The metzincin metalloproteinase, tumor necrosis factor-alpha-converting enzyme (TACE), also known as ADAM (a disintegrin and metalloproteinase) 17, has recently been identified as an important enzyme for cleavage of the GH receptor (GHR) and shedding of GH-binding protein (GHBP). Proteolysis can be induced by phorbol esters, platelet-derived growth factor and serum; it is dependent on protein kinase C and partially on MAP kinase pathways. Proteolysis occurs at the cell surface, leading to extracellular release of GHBP and intracellular GHR remnant accumulation. The GHR remnant is further processed by gamma-secretase activity, possibly leading to biologically active products. TACE-dependent GHR proteolysis can be inhibited by GH as the dimerized GHR is resistant to cleavage. The cleavage site lies within a short juxtamembranous stem region that extends between the transmembrane helix and the globular dimerization domain of the GHR. GHR proteolysis leads to downregulation of functional GHRs at the cell surface, and has complex secondary effects on GH action via GHBP and GHR remnant generation.
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G Baumann and SJ Frank
J Wook Kim, RP Rhoads, SS Block, TR Overton, SJ Frank, and YR Boisclair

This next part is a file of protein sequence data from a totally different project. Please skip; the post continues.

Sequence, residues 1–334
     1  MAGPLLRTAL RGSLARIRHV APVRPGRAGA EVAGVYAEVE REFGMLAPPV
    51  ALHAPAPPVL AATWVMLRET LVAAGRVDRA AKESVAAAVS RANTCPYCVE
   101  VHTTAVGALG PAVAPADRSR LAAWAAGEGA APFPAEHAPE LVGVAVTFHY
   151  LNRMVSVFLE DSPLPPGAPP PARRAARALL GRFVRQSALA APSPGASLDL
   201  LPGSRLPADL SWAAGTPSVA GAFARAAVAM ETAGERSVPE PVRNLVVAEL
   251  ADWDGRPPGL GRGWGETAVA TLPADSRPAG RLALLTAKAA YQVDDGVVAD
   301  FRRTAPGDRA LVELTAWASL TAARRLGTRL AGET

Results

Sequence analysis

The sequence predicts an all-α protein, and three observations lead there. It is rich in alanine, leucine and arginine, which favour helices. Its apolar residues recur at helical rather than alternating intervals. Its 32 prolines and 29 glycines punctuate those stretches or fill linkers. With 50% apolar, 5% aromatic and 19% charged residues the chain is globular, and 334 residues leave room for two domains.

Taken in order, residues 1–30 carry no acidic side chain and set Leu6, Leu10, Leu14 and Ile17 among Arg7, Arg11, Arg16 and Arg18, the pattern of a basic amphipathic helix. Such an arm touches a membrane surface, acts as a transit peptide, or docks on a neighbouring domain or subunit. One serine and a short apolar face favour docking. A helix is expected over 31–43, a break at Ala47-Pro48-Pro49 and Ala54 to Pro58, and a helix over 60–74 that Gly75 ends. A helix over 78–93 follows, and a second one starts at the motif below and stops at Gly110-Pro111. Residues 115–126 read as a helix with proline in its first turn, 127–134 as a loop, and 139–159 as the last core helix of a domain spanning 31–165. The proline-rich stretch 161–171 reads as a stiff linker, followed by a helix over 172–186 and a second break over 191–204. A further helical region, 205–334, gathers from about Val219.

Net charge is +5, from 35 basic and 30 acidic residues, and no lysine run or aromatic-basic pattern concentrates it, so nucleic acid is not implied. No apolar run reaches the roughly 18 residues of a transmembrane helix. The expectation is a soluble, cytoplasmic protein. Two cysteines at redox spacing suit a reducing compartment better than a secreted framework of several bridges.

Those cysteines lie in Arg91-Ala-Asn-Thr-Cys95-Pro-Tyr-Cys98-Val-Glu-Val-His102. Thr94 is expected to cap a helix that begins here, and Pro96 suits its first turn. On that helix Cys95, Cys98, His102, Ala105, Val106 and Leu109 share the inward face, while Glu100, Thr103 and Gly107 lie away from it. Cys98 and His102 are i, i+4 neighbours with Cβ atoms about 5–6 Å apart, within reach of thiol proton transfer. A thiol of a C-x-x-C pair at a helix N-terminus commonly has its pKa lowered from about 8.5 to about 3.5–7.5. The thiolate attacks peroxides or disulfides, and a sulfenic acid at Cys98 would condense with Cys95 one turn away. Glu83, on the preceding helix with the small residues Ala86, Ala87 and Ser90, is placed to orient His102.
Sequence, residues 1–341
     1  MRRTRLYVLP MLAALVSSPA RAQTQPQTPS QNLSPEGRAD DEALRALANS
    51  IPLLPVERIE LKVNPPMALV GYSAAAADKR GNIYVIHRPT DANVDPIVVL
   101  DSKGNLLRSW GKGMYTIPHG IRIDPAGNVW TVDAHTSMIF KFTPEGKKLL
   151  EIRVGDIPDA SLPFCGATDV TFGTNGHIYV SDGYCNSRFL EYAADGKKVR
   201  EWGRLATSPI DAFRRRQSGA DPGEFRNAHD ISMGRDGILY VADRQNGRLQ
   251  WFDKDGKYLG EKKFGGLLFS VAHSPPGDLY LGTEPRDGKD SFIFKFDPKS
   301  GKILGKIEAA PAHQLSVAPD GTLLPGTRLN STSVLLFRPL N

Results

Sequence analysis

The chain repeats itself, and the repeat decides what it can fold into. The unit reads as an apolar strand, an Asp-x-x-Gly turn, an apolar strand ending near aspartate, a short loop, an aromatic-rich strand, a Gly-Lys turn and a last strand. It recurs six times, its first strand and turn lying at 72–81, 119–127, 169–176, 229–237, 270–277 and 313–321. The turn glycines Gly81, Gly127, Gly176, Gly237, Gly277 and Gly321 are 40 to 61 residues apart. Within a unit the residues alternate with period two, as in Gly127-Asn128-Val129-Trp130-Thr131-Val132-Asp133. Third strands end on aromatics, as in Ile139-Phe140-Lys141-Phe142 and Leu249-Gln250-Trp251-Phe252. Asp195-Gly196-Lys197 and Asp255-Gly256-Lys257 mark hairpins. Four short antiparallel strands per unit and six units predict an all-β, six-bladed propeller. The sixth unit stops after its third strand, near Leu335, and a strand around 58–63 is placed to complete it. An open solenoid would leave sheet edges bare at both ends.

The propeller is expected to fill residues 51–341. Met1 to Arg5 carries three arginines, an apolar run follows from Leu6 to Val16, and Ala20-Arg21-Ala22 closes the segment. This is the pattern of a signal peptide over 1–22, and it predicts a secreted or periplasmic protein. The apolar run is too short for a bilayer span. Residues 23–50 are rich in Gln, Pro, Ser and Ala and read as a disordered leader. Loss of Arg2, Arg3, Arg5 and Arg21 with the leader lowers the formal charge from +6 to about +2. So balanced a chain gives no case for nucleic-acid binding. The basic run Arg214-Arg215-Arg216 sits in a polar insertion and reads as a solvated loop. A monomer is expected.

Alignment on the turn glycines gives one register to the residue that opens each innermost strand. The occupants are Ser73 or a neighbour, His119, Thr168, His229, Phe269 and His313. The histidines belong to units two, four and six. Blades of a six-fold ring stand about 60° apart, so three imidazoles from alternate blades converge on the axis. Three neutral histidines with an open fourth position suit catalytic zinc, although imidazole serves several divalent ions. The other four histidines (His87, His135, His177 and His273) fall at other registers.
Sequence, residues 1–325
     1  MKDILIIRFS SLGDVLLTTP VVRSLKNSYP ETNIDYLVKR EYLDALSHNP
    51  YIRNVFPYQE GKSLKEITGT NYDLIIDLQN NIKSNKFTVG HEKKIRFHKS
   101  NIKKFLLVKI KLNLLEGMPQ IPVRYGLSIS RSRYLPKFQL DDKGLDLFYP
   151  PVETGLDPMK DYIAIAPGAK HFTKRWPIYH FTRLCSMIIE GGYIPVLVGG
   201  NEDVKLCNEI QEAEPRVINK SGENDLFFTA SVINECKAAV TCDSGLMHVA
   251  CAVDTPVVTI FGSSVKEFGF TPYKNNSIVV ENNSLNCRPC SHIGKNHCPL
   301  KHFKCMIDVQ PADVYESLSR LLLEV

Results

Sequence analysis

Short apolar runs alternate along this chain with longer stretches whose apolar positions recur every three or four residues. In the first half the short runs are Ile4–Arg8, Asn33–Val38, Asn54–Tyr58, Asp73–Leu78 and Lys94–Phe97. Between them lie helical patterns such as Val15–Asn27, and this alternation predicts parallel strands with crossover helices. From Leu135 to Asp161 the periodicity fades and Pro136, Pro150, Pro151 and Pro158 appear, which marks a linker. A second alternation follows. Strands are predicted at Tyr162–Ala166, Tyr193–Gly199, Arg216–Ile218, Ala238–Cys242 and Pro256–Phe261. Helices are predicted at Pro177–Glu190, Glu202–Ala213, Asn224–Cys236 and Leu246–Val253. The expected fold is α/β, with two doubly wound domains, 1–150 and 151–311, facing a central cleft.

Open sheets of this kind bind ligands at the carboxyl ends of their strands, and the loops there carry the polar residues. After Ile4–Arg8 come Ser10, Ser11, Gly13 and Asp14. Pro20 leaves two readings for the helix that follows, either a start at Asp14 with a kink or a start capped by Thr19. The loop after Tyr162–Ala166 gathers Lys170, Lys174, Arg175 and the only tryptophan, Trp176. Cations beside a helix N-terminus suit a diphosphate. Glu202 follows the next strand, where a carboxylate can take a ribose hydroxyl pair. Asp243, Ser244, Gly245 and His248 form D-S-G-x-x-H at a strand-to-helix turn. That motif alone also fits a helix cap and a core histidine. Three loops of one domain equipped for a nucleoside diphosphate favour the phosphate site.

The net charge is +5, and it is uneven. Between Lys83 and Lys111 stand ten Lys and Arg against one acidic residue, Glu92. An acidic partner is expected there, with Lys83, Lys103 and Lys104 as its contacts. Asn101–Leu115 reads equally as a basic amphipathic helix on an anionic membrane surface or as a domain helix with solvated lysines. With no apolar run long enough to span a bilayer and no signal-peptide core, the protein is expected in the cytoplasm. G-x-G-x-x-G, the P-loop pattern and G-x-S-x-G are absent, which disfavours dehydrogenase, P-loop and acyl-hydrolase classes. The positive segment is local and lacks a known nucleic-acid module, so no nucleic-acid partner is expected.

At parturition, dairy cows experience a 70% reduction in plasma IGF-I. This reduction coincides with decreased abundance of GHR1A, the liver-specific transcript of the growth hormone receptor (GHR) gene, suggesting impaired growth hormone-dependent synthesis of IGF-I. It is not immediately obvious that the periparturient reduction in GHR1A is sufficient to reduce hepatic GHR abundance. This is because approximately 50% of total GHR mRNA abundance in prepartum liver is accounted for by ubiquitously expressed transcripts which remain collectively unchanged at parturition. In addition, the possibility that parturition alters GHR expression in other growth hormone target tissue has not been examined. To address these questions, we measured GHR gene expression and GHR protein in liver and skeletal muscle of four dairy cows on days -35,+3 and+56 (relative to parturition on day 0). Hepatic GHR abundance and GHR1A transcripts were lower on day+3 than on day -35 and returned to late pregnancy value by day+56. Additional studies in two other groups of cows indicated that the hepatic levels of the GHR protein recovered substantially within 10 days after parturition. These changes occurred without variation in the abundance of HNF4, a liver-enriched transcription factor activating the promoter responsible for GHR1A synthesis. In contrast to liver, levels of GHR gene expression and GHR protein were identical on days -35,+3 and+56 in skeletal muscle. These data suggest a role for the GHR in regulating tissue-specific changes in growth hormone responsiveness in periparturient dairy cows.